I’m pretty sure all of you have heard the saying, “it’s about the journey, not the destination,” at some point in your life. It’s to help those of us like myself, who really hate waiting. For instance, anytime I go to the movies, even though I know I don’t need to get there a half hour early, I’ll find myself rushing to get to a theater and end up with forty-five minutes of early waiting. I love the destination. The destination is final, not a reference to those cheesy movies, it’s something that is certain and I don’t have to wait any longer. Texts that say, “I can’t wait to tell you something later,” consume my thoughts and make me want to find out what it is now. Cynical people would say it’s because I’m millennial or whatever, but I just like the present, not always the wait to open it. The hard part about me being wired this way, is that I lose sight of the journey. Yes, it’s all coming together, that’s how I like to write.
Another word for journey in the context of life would be, waiting.
I tend to freak out. Especially when it comes to anything technology related. The WIFI takes a second to refresh? I immediately think the router is dead and we are now going to have to be like 1800’s farmers. Admit it, you do it too. Maybe it’s not with tech, but maybe traffic is a bit too slow. Maybe you have to walk behind someone taking their sweet time in Target. Whatever it is, we have the tendency to freak out. A lot of times it’s due to our lack of patience, but what I’ve been learning recently is that impatience is only a small piece.
The biggest reason we freak out is that we have a lack of control.
I wanted to write about rejection. Last week I wrote about how we don’t have to have it all figured out, and this week is the part two that goes along with that idea. Not a direct sequel, but still related. Think of last week being Alien and this week being Aliens, both related but you don’t need to see both to understand. Okay, weird tangent; I wanted to write about rejection. You see, there have been a lot of no’s in my life. I use the word wanted, because I wasn’t in a good mental state thinking about it. I had just gotten another rejection from another job. My story has had many times of rejection. From high school being rejected by teachers who thought I was dumb. There was a day in my senior year where I received three letters from three different colleges telling me I didn’t get in. I remember being alone in my room and screaming at the top of my lungs, why? In college, I had an internship where I wasn’t able to do what I thought was best. At my church job, I wasn’t given a chance compared to others. I have been rejected, but the truth is, I cannot live in the belief that I am rejected.
I wanted to write about rejection, but then my wife reminded me of what I truly am.
I’ve always loved movies about high school. There’s just something funny about them, it’s always melodramatic and filled with this one idea. The senior year scenario where the characters all have to make choose who they want to be for the rest of their lives. It’s a great set up for a movie, but when it comes to real life, this shouldn’t be our mindset. For most of us, we’ve graduated high school and most likely college. The truth is, life for most of us has moved beyond that as well. That’s a good thing. I’ve found that in almost every stage of life, people love to ask you the question of, “what’s next?” For me, I love to have a plan. I like knowing what’s next and having an idea of where I’m headed.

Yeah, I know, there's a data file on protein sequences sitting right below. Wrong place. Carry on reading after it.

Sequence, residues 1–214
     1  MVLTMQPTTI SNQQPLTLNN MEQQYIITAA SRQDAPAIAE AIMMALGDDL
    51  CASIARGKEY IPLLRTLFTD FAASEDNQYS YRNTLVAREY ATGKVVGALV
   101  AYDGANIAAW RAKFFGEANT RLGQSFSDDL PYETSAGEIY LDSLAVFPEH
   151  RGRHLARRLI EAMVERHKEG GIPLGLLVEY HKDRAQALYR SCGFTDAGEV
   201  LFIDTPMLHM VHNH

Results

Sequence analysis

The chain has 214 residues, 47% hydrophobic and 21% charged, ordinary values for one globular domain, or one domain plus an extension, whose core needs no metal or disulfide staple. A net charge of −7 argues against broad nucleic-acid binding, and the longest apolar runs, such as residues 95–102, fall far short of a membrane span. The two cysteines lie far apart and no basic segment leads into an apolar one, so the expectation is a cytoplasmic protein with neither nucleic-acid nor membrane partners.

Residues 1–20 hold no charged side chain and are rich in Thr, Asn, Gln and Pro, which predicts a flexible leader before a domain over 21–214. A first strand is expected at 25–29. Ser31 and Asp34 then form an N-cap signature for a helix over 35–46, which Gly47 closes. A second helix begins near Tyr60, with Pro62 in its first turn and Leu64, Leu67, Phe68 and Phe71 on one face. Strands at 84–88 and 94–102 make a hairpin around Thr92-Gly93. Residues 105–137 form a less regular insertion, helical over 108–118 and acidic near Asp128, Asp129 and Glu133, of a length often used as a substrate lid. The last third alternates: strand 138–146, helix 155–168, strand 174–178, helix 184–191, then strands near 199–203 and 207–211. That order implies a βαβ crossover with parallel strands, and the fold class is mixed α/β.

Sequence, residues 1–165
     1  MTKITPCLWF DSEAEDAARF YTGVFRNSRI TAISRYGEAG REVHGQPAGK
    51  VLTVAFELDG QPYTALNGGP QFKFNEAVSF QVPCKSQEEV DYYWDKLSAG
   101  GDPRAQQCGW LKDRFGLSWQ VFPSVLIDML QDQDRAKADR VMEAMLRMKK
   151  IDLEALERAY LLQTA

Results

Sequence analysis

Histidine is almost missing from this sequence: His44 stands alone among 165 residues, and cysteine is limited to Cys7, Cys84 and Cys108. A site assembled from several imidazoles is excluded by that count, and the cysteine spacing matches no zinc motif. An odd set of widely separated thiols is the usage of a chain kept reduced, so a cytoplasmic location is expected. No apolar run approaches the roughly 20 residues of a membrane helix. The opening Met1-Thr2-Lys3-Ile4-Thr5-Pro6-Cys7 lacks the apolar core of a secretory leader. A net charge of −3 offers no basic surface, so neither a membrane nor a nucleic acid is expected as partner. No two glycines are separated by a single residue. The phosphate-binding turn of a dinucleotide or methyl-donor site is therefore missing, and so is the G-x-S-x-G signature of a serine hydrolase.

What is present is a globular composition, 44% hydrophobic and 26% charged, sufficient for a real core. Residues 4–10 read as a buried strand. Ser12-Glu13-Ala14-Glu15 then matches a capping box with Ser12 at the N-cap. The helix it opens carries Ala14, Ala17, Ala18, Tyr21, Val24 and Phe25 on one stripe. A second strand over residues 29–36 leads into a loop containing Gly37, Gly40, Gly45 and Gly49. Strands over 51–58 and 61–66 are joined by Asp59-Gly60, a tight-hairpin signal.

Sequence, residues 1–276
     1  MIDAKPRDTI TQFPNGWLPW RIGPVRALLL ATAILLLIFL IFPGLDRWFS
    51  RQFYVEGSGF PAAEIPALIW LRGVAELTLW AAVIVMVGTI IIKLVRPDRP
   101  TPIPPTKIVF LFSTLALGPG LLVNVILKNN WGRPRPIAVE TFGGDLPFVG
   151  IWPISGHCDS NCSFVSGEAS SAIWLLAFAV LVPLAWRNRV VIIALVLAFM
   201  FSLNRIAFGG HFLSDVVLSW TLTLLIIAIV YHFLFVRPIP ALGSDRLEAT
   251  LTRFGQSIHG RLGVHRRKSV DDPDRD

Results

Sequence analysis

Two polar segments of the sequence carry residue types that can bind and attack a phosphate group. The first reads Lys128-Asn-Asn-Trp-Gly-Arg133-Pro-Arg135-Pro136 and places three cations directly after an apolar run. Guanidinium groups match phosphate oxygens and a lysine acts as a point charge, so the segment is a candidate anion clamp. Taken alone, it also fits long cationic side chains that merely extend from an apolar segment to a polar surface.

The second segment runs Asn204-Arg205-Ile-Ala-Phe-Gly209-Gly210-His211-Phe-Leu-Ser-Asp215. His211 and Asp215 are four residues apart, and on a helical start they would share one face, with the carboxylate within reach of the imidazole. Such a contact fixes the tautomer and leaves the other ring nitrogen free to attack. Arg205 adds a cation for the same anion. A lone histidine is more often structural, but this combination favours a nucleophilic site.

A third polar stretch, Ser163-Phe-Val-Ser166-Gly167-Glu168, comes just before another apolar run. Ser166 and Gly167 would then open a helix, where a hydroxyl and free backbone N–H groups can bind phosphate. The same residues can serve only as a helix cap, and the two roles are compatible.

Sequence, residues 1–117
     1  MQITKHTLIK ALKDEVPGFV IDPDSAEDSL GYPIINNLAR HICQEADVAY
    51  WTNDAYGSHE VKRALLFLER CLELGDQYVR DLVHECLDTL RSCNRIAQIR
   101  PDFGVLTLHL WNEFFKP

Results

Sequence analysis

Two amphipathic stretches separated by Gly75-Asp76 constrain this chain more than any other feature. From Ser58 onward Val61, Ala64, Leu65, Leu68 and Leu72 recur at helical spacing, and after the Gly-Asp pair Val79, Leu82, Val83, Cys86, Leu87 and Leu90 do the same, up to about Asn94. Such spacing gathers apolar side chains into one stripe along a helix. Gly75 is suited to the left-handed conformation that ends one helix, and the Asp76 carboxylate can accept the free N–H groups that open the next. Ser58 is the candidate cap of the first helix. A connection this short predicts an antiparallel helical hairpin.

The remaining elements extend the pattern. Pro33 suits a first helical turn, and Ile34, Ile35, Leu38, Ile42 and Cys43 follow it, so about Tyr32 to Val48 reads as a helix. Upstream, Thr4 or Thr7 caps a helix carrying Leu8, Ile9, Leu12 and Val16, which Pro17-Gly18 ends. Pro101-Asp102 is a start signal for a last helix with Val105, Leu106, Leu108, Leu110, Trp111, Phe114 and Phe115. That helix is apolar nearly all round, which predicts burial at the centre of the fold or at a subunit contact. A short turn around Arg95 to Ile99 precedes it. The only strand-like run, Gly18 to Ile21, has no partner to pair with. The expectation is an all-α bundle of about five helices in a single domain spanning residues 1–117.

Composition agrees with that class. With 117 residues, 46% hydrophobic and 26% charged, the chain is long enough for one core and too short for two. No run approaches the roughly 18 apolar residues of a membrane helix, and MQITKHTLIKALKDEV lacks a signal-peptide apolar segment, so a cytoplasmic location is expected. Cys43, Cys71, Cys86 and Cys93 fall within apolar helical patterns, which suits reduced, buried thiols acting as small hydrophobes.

Unfortunately, life doesn’t work like that. God often doesn’t work like that.
We are now about two weeks into the month of May, and it’s mental! May is mental health awareness month, shining a light on mental health and allowing for those who haven’t opened up a chance to know that there is always hope. That’s why I love this month. For a long time, especially in the Christian community, mental health hasn’t been talked about. Not only has it not really been talked about, but many times it has been seen as a weakness, something that makes you less than those around you. It’s tragic because we have lived and treated others in this lie that Satan has convinced us of. We get in the mindset that we have to be perfect, that in order to follow Christ, we have to have no flaws. The truth is, if we believe this, we will live our lives believing that we are never enough, but the power of the gospel is that Jesus says all we need is to walk with him. Jesus doesn’t want perfect people, because he knows people aren’t perfect. All Jesus asks of us is to follow him, and he’ll help us sort out the rest.
The same is true with mental health.
Just like every other part of our lives, we need to trust in Jesus. Trust in our creator who designed us with a purpose and loved us so much he sent his son to die on a cross and take our sins, and then raise again to defeat death.
This past week, dear Danielle and I drove down to Atlanta, Georgia. For Christmas, we had been gifted tickets by my parents. The Orange Conference is an incredible event. Over eight thousand people were in attendance, all with the heartbeat for reaching the next generation. There is something so refreshing being around people that think the same way as you, knowing that the future belongs to the youth and that we have a call to raise them up to be leaders. The speakers were incredible, hearing from those in ministry, secular world, and from a vast array of professions; all pouring out powerful information. There was a ton of information, all great, but a lot of it. Everything we learned and heard boiled down to one central idea.